Quarry Steps will bring you out on the curiously named High Street. With no major businesses to speak of, this quiet street would appear to have been named for its elevated position more than anything else. However, this whole area of Clifton, which has a singular character, does have a genuine ‘village’ feel reflected in the scale of its buildings and the names of its streets.
As an alternative to climbing steep Quarry Steps, turn left onto Quarry Road and then right onto pleasant Richmond Dale to reach High Street by a much easier route. Turn right to reach the Easter Garden (9).
Turn left onto High Street to reach the Easter Garden (9)
The Easter Garden is a very pretty terraced space, maintained by the local community, which is filled with flowers and contains a staircase leading up to Wesley Place.
Climb the steps to reach Wesley Place. Turn right to reach the junction with York Street (10).
To avoid the steps in the Easter Garden, go down High Street instead to reach Highland Square, a curious tarmacced area dominated by the Coach & Horses pub. Note the eclectic, untidy mix of buildings that surround the square. Go left and left again to climb Wesley Place, rejoining the main route at the junction with York Street (10).
Turn along York Street.
Tiny and eccentric York Street contains only a couple of houses and a pub as it climbs over a steep little hump on the way down to Blackboy Hill. The house on the left has a double storey bay window that projects into the street in a manner that recalls the seaside towns of Devon or Cornwall.
The Port of Call in York Street is a tucked-away pub with a cute garden terrace.
You will emerge on Blackboy Hill, a busy shopping street that takes traffic from the City Centre up to the Downs. Blackboy Hill is how the street is known locally, but the official address of the shops and other buildings is Whiteladies Road.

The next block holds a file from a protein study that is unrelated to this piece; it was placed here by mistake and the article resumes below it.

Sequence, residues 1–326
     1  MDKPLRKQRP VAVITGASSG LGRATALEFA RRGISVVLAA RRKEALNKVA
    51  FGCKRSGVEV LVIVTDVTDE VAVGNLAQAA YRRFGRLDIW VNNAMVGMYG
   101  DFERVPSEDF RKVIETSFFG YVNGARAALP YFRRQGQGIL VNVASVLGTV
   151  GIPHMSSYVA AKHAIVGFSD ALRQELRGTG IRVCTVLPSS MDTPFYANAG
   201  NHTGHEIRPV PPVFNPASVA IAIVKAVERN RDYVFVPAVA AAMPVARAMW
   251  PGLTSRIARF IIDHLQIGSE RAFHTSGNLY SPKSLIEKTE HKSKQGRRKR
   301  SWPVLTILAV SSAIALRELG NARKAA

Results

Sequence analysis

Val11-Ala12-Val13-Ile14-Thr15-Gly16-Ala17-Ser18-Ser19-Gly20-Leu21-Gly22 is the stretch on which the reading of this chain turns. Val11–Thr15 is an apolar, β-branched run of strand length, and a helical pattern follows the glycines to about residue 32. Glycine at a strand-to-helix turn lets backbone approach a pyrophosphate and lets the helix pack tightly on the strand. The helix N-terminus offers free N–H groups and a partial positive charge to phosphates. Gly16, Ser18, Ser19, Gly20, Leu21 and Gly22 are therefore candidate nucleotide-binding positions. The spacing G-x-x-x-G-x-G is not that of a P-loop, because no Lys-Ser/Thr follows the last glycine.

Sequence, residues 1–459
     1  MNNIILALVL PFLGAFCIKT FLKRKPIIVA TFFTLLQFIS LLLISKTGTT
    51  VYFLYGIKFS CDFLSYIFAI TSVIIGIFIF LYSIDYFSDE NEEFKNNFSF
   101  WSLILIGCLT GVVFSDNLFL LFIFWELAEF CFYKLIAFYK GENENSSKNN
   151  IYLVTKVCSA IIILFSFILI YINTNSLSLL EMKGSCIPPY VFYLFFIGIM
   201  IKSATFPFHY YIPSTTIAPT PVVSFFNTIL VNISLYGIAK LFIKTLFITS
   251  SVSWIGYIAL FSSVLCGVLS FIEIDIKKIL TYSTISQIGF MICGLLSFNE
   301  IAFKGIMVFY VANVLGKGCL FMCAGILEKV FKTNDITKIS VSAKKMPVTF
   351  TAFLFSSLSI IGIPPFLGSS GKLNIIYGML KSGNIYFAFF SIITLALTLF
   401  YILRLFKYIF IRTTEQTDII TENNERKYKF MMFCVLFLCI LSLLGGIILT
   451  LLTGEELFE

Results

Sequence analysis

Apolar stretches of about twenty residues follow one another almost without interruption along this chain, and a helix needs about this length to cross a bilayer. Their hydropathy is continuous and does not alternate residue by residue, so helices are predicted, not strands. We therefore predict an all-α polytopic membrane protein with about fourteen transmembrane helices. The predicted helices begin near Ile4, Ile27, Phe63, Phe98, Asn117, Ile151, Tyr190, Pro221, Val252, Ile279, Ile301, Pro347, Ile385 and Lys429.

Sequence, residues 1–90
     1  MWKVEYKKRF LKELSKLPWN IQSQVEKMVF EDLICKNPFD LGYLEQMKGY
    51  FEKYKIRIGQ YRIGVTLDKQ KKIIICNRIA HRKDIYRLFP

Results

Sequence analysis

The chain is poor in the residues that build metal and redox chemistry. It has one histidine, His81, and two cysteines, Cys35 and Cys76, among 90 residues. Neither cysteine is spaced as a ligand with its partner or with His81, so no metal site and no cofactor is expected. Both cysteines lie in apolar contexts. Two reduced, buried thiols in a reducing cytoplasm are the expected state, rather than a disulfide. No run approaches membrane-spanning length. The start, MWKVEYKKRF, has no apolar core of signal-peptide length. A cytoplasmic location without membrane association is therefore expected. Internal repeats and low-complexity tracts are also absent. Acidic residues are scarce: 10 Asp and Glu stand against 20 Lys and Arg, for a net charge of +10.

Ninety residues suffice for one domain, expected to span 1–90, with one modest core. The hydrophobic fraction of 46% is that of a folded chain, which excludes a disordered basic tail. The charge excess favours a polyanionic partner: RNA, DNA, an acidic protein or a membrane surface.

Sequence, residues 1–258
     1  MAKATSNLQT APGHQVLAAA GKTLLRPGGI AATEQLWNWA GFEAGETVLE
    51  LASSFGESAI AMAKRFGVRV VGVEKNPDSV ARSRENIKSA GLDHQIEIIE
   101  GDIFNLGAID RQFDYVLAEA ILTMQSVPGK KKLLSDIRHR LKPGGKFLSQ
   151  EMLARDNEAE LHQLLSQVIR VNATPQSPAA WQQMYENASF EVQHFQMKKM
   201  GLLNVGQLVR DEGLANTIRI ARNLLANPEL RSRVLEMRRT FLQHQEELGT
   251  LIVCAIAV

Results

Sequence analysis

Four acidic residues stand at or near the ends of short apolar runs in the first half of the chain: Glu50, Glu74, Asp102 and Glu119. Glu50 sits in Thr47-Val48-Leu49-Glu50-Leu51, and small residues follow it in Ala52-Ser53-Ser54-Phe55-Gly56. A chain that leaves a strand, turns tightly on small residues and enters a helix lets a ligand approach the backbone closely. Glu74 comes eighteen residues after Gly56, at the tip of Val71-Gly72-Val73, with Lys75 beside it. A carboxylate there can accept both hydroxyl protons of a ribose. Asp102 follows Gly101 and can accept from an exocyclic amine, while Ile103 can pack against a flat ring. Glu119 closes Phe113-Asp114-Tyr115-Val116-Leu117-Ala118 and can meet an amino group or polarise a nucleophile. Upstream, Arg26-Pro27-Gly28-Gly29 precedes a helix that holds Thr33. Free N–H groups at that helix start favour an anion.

This used to be the centre of the village, but a number of buildings, including the Blackboy Tavern that gave the street its name, were demolished long ago to widen the road.
Cross Blackboy Hill at the traffic lights and turn left. Just after the petrol station, turn right up a short flight of steps (11).
You can avoid the steps by skipping the next little section. Turn right down Blackboy Hill instead, rejoining the main route at the junction with Grove Road (12).
We are now going to leave Clifton and enter Redland. Redland makes its own contribution to the quirky ‘village’ feel of the Blackboy Hill area.
You will find yourself on a neglected footpath called St. Vincent’s Hill, which is surely one of the oddest corners of Redland. You will pass the backs of various buildings, some residential, some institutional, as St. Vincent’s Hill becomes a more defined track. Eventually you will pass the entrance to a very pretty residential courtyard as you reach the junction with Grove Road.
Turn right onto Grove Road, passing the access to another, disconnected, section of St. Vincent’s Hill. Returning to Blackboy Hill (12), turn left down the hill.
This section of Blackboy Hill has a pleasant architectural unity. Ahead you can see the delicately detailed twin towers of the former St. John’s Church in Apsley Road.
Optionally, you may wish to put your head around the corner of the first left, Woodbury Lane, which is another odd little mews containing a mix of old, new and converted buildings. Return to Blackboy Hill afterwards and continue down the hill.
Blackboy Hill is your main remaining chance to get refreshments on this walk, containing a number of pubs, restaurants and food shops.
At a crossroads next to a supermarket, turn left onto Lower Redland Road.
Lower Redland Road extends Blackboy Hill’s shopping offer for a little while. Redland also still has its fair share of interesting backwaters to offer.
Just after passing the first row of shops, turn left into Redland Terrace (13) to visit the first of these.
To the left on Redland Terrace you will see a residential terrace that, while fine, must have virtually no rear gardens.